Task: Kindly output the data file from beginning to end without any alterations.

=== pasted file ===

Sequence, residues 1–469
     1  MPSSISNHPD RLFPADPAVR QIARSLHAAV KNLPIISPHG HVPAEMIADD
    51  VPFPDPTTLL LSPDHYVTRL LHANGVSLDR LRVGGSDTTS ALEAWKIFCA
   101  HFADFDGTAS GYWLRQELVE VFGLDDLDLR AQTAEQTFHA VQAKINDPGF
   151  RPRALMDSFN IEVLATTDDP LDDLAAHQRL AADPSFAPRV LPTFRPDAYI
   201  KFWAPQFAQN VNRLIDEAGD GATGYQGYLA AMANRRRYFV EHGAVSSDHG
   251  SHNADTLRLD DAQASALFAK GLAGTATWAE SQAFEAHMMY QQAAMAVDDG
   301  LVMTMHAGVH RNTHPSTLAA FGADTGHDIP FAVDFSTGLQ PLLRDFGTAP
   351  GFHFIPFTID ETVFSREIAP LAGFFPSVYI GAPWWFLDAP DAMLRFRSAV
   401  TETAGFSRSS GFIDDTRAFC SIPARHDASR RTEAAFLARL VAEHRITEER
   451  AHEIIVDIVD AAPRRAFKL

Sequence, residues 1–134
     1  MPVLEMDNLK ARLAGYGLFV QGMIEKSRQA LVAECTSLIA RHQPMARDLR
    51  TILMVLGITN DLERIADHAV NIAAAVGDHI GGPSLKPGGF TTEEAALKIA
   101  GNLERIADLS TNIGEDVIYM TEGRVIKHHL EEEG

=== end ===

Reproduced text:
Sequence, residues 1–469
     1  MPSSISNHPD RLFPADPAVR QIARSLHAAV KNLPIISPHG HVPAEMIADD
    51  VPFPDPTTLL LSPDHYVTRL LHANGVSLDR LRVGGSDTTS ALEAWKIFCA
   101  HFADFDGTAS GYWLRQELVE VFGLDDLDLR AQTAEQTFHA VQAKINDPGF
   151  RPRALMDSFN IEVLATTDDP LDDLAAHQRL AADPSFAPRV LPTFRPDAYI
   201  KFWAPQFAQN VNRLIDEAGD GATGYQGYLA AMANRRRYFV EHGAVSSDHG
   251  SHNADTLRLD DAQASALFAK GLAGTATWAE SQAFEAHMMY QQAAMAVDDG
   301  LVMTMHAGVH RNTHPSTLAA FGADTGHDIP FAVDFSTGLQ PLLRDFGTAP
   351  GFHFIPFTID ETVFSREIAP LAGFFPSVYI GAPWWFLDAP DAMLRFRSAV
   401  TETAGFSRSS GFIDDTRAFC SIPARHDASR RTEAAFLARL VAEHRITEER
   451  AHEIIVDIVD AAPRRAFKL

Sequence, residues 1–134
     1  MPVLEMDNLK ARLAGYGLFV QGMIEKSRQA LVAECTSLIA RHQPMARDLR
    51  TILMVLGITN DLERIADHAV NIAAAVGDHI GGPSLKPGGF TTEEAALKIA
   101  GNLERIADLS TNIGEDVIYM TEGRVIKHHL EEEG